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A Streetcar Named Cowtown?

A Streetcar  Named Cowtown?
Clang went the trolley! But what sound does a modern streetcar make? Fort Worth leaders hope to find out. There’s a town hall meeting at 7 pm tonight in the Fort Worth Convention Center Ballroom on that topic.
 
Fort Worth Mayor Mike Moncrief
Fort Worth mayor Mike Moncrief unveiled a streetcar outside the Oil & Gas Commerce Building at 309 W. 7th St. (managed by Stream Realty, who shared the pics with us) Nov. 17. It’s now gone, but the idea was to inform the public about new transportation opportunities. Fort Worth hasn't had a streetcar for more than a generation. “When it comes to transportation, there’s no such thing as ‘one size fits all’ and before we even begin to think about laying rail, we must do our homework,” the mayor says. City Council members visited other cities to look at modern streetcar systems and the Council approved the first two phases of a study in April, and will consider a resolution authorizing the third phase of the study at its Dec. 7 meeting at City Hall.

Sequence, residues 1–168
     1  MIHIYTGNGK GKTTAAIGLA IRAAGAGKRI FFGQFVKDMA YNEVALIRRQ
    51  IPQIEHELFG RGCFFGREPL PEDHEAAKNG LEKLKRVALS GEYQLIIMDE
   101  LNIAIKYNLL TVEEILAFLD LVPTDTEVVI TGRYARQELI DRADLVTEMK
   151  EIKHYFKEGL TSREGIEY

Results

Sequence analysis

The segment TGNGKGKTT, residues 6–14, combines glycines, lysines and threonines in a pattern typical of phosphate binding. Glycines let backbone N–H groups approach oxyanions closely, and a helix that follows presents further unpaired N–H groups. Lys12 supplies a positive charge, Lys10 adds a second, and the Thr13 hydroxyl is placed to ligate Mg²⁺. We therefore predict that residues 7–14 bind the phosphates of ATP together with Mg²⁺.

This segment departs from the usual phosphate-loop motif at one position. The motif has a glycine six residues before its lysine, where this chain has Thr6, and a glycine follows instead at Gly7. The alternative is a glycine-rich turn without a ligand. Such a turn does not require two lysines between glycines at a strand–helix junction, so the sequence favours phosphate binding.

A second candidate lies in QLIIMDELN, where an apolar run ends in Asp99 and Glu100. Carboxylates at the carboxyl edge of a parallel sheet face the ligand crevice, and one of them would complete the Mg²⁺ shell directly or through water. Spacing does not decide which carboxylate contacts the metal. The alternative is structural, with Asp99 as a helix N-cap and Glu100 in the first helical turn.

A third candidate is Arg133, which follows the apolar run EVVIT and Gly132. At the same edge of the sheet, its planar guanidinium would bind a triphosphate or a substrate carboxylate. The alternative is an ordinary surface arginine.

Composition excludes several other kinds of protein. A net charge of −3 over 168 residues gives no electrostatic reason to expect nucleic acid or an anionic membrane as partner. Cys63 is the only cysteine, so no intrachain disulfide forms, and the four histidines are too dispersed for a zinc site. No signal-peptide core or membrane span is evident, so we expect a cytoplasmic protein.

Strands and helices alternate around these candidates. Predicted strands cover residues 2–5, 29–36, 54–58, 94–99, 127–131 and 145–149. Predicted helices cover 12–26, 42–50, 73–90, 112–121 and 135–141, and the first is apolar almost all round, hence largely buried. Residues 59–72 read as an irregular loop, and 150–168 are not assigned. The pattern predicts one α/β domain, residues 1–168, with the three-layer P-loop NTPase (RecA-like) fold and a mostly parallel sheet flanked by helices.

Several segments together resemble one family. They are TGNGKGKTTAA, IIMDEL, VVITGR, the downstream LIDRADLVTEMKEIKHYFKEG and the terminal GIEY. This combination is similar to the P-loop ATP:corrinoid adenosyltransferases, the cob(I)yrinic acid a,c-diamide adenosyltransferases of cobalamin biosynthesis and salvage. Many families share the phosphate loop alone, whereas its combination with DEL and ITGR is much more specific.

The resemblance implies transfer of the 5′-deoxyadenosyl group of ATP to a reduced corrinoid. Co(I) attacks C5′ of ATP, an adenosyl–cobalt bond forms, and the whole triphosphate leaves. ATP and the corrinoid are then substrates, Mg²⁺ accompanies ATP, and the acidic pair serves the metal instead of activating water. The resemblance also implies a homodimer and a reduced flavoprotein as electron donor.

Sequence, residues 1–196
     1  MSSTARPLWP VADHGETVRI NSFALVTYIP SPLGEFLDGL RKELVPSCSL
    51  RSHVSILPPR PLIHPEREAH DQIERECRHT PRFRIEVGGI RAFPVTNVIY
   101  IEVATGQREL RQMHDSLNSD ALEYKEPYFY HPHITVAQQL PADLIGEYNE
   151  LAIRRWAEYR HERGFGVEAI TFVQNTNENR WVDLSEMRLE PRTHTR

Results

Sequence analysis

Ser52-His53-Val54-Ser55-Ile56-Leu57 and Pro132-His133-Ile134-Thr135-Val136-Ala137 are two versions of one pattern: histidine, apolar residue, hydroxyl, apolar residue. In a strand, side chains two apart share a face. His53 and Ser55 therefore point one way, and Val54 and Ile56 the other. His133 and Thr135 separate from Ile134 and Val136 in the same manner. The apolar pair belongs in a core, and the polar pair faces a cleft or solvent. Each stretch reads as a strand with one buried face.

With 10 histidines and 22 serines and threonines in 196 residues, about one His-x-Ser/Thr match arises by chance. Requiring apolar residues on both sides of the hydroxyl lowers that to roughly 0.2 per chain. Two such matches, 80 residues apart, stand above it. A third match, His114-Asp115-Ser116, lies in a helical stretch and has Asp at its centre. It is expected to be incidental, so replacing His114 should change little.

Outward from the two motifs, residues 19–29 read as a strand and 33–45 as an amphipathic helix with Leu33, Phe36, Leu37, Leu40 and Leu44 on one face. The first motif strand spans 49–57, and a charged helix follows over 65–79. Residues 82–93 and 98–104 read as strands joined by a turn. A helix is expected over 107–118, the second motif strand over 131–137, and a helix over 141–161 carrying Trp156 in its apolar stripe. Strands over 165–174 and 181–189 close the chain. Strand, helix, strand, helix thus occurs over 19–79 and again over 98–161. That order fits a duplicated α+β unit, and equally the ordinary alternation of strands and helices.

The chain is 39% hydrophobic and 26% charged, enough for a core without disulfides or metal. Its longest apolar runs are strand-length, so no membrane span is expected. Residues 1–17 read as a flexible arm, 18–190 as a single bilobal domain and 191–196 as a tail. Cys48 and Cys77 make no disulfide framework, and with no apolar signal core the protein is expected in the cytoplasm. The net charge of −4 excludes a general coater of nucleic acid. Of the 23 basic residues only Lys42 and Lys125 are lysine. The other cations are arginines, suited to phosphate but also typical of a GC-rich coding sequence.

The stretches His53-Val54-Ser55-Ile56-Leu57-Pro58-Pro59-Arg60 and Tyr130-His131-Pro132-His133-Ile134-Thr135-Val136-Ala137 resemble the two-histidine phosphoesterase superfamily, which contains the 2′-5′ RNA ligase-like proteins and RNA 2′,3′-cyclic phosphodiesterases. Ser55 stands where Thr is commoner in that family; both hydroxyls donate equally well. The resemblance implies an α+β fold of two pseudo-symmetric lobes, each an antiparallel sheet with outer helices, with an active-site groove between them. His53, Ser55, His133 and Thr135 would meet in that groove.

streetcar
In July, the Federal Transit Administration awarded the city $25M for its streetcar loop. The tentative plan is for a two and a half  mile, one-way streetcar loop with about two dozen stops and three vehicles to connect a Trinity Railway Express commuter rail station and Intermodal Transportation Center with the CBD. This will be the hub of a planned streetcar network connecting six designated urban villages targeted for redevelopment to the city’s major employment centers, such as downtown and the near Southside Medical District. The city’s consultant, HDR Engineering SVP Charlie Hales, did a feasibility study projecting a first-phase cost of $81M to $86M for a nearly six-mile track around the city, and with an economic impact of $335M in additional investments along the line.
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